Social media is the most important factor in managing your practice's brand today, according to a post from Physicians Practice. But despite the multitude of benefits that practices have realized by having a presence on Facebook, Twitter, LinkedIn and other sites patients access every day, the "rules" for optimizing the tool are a moving target.
Here are four trends experts now understand about healthcare social media and how to use them to your advantage:
- It doesn't take much time to reap benefits. In as little as six hours per week, more than 84 percent of marketers increased their online traffic while more than 66 percent gained new business leads. And almost 50 percent reduced their marketing expenses, according to Hubspot.
- Giving patients a forum to post complaints can actually be good for business. As long as practices make it a priority to dedicate some of their social media time to customer service, you can make yourself look good by managing dissatisfaction online. A healthcare organization's response to negative comments and complaints can carry equal or more weight than positive consumer engagement, according to one report from PricewaterhouseCoopers.
- It's not as hard to stand out as you'd think. Just because so many practices use social media these days doesn't mean they do it well. Distinguish yourself from your competitors by knowing better than to use it as a sales pitch. Focus on providing value and gaining respect, recommends MedCity News.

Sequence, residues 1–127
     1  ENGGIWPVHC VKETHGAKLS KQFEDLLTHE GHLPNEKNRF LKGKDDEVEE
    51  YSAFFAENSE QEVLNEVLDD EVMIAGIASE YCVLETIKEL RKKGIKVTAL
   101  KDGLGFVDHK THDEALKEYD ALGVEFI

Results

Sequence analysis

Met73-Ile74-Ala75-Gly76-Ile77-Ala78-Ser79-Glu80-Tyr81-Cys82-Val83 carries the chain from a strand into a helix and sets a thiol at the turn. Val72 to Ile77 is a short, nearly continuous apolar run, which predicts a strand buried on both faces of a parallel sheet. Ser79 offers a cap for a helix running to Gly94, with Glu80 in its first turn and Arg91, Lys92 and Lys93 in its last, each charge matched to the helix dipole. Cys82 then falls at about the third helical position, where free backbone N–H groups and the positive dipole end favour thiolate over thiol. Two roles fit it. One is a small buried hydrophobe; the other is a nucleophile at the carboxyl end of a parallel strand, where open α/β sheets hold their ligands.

- 'Friending' patients isn't necessarily off-limits. Most physician groups advise doctors to keep their personal and business lives separate online. However, new guidelines from the American College of Obstetricians and Gynecologists (ACOG) soften that stance by leaving it to physicians to decide whether to "friend" patients. "If the physician or healthcare provider trusts the relationships enough...we didn't feel like it was appropriate to really try to outlaw that," Nathaniel DeNicola, an obstetrician-gynecologist and clinical associate at the University of Pennsylvania, who helped write the ACOG guidelines, told CNN. Whether other specialty societies will follow suit--and friending's impact on the physician-patient relationship--is not yet known.